In one embodiment of this invention, to maintain security, privacy, confidentiality, and/or control over the results obtained, it can be desirable to incorporate software and/or hardware for digital rights management (“DRM”). In general, DRM technologies can associate rules governing authorized use of digital information and consequences of such authorized use, including audit and/or usage record creation, aggregation, and/or reporting, with digital information (regardless of format). Digital information can be protected at least in part by encryption. Rules and/or protected information may be stored and/or transmitted in a secure software “container” or hierarchical encrypted file structure. Secure software container may be created and/or its contents accessed only by a trusted computer space (“TCS”). A TCS may comprise tamper resistant hardware and/or software. A TCS may be at least in part integrated into an operating system that provides services to, and may also at least partially control the trusted device.

Certain TCS embodiments are based on technologies currently available. For example, in one embodiment, InterTrust Technologies Corporation provides TCS described in U.S. Pat. Nos: 6,157,721, 6,138,119, 6,112,181, 5,982,891, 5,949,876, 5,920,861, 5,917,912, 5,915,019, 5,910,987, 5,892,900 and WIPO Publications WO 9,810,381 A1 and WO 9,901,815 A1, each publication incorporated herein fully by reference.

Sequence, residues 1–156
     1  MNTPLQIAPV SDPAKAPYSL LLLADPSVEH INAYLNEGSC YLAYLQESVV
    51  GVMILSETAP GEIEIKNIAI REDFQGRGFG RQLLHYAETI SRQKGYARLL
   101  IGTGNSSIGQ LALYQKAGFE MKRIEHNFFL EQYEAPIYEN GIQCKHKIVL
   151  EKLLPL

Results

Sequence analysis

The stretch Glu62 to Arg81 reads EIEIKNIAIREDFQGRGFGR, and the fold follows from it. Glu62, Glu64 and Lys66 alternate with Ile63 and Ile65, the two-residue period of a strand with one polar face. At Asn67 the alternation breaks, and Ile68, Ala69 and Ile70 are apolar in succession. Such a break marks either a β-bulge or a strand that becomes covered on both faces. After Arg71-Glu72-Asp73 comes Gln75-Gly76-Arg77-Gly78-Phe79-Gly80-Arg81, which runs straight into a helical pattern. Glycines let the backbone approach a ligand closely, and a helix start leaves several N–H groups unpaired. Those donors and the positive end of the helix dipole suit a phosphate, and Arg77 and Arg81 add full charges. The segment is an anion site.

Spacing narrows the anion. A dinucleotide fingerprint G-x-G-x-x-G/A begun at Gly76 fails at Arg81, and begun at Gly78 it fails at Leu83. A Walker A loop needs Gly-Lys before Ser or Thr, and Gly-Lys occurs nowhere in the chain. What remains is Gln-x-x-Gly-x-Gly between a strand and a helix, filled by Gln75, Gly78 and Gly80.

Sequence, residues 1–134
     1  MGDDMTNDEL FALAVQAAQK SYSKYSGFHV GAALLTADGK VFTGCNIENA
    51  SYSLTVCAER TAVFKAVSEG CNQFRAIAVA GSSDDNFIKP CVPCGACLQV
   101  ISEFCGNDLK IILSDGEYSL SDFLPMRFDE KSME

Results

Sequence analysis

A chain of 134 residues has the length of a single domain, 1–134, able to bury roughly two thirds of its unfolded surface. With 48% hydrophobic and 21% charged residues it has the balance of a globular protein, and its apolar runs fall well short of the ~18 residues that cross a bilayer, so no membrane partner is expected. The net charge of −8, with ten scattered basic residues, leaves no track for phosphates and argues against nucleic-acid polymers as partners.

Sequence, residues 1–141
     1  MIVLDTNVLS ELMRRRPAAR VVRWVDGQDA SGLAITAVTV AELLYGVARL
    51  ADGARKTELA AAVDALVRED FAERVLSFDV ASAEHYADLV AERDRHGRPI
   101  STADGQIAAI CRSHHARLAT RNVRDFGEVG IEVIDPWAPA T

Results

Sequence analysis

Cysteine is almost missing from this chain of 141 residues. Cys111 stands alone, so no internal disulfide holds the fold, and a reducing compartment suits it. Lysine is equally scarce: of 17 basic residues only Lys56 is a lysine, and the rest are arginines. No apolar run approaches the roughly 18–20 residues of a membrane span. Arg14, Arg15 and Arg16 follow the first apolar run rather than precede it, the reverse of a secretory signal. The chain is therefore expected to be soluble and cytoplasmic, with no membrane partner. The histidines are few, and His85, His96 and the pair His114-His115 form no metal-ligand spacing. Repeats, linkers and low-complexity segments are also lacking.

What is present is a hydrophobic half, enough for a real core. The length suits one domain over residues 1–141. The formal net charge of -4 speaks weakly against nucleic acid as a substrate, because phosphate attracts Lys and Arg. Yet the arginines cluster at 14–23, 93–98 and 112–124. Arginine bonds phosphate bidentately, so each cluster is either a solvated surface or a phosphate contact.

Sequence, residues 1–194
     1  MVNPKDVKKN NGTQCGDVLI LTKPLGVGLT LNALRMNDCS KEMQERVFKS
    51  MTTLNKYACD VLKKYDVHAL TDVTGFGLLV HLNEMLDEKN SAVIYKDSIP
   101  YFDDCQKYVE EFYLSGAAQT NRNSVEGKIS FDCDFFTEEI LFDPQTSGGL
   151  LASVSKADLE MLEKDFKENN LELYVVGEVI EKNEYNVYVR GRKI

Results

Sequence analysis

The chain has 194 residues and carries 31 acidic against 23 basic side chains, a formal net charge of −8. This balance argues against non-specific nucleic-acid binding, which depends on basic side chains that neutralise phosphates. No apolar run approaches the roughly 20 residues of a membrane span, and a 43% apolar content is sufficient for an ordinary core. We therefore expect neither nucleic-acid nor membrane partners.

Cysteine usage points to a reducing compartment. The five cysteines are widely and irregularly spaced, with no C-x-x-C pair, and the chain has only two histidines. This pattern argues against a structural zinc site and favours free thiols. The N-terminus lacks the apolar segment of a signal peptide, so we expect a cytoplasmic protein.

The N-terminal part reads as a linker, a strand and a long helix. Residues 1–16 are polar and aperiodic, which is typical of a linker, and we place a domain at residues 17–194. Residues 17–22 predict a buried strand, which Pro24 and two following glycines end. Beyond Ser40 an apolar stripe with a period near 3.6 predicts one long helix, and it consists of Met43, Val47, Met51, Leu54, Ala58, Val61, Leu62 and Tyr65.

Certain other commercial embodiments include available DRM technology of ContentGuard, Inc. described in U.S. Pat. Nos: 5,715,403, 5,638,443, 5,634,012, 5,629,980, each publication incorporated herein fully by reference. Other DRM technology of MediaDNA described in U.S. Pat. No: 5,845,281, incorporated herein fully by reference.